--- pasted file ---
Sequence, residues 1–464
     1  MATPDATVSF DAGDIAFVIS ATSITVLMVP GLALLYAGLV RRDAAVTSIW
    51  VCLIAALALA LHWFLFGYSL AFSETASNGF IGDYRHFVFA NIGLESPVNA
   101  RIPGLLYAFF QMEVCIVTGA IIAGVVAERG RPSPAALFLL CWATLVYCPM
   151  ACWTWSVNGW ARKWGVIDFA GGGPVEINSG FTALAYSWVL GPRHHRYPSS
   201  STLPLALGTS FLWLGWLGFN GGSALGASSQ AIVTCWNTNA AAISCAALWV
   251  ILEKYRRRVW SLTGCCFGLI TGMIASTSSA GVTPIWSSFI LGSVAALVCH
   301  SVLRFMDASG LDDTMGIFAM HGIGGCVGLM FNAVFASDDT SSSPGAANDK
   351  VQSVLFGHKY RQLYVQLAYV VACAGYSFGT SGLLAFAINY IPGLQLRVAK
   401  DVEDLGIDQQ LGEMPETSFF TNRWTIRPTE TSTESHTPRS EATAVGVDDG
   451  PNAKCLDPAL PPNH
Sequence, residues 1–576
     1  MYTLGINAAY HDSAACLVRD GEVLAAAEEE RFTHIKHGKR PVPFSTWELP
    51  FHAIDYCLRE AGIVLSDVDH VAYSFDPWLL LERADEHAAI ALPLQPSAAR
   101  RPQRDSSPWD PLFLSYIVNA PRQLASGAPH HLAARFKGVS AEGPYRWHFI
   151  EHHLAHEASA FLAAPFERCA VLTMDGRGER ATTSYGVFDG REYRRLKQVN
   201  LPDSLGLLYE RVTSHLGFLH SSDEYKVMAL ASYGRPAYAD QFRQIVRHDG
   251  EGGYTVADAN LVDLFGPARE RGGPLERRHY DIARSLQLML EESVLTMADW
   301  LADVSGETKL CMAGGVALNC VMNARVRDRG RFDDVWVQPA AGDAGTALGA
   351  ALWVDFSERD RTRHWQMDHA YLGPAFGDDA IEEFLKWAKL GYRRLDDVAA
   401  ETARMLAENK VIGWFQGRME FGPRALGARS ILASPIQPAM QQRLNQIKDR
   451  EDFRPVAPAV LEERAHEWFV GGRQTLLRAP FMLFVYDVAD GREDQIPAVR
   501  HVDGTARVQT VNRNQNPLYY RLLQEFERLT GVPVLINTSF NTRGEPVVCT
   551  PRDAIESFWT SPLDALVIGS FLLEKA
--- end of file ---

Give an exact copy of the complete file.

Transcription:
Sequence, residues 1–464
     1  MATPDATVSF DAGDIAFVIS ATSITVLMVP GLALLYAGLV RRDAAVTSIW
    51  VCLIAALALA LHWFLFGYSL AFSETASNGF IGDYRHFVFA NIGLESPVNA
   101  RIPGLLYAFF QMEVCIVTGA IIAGVVAERG RPSPAALFLL CWATLVYCPM
   151  ACWTWSVNGW ARKWGVIDFA GGGPVEINSG FTALAYSWVL GPRHHRYPSS
   201  STLPLALGTS FLWLGWLGFN GGSALGASSQ AIVTCWNTNA AAISCAALWV
   251  ILEKYRRRVW SLTGCCFGLI TGMIASTSSA GVTPIWSSFI LGSVAALVCH
   301  SVLRFMDASG LDDTMGIFAM HGIGGCVGLM FNAVFASDDT SSSPGAANDK
   351  VQSVLFGHKY RQLYVQLAYV VACAGYSFGT SGLLAFAINY IPGLQLRVAK
   401  DVEDLGIDQQ LGEMPETSFF TNRWTIRPTE TSTESHTPRS EATAVGVDDG
   451  PNAKCLDPAL PPNH
Sequence, residues 1–576
     1  MYTLGINAAY HDSAACLVRD GEVLAAAEEE RFTHIKHGKR PVPFSTWELP
    51  FHAIDYCLRE AGIVLSDVDH VAYSFDPWLL LERADEHAAI ALPLQPSAAR
   101  RPQRDSSPWD PLFLSYIVNA PRQLASGAPH HLAARFKGVS AEGPYRWHFI
   151  EHHLAHEASA FLAAPFERCA VLTMDGRGER ATTSYGVFDG REYRRLKQVN
   201  LPDSLGLLYE RVTSHLGFLH SSDEYKVMAL ASYGRPAYAD QFRQIVRHDG
   251  EGGYTVADAN LVDLFGPARE RGGPLERRHY DIARSLQLML EESVLTMADW
   301  LADVSGETKL CMAGGVALNC VMNARVRDRG RFDDVWVQPA AGDAGTALGA
   351  ALWVDFSERD RTRHWQMDHA YLGPAFGDDA IEEFLKWAKL GYRRLDDVAA
   401  ETARMLAENK VIGWFQGRME FGPRALGARS ILASPIQPAM QQRLNQIKDR
   451  EDFRPVAPAV LEERAHEWFV GGRQTLLRAP FMLFVYDVAD GREDQIPAVR
   501  HVDGTARVQT VNRNQNPLYY RLLQEFERLT GVPVLINTSF NTRGEPVVCT
   551  PRDAIESFWT SPLDALVIGS FLLEKA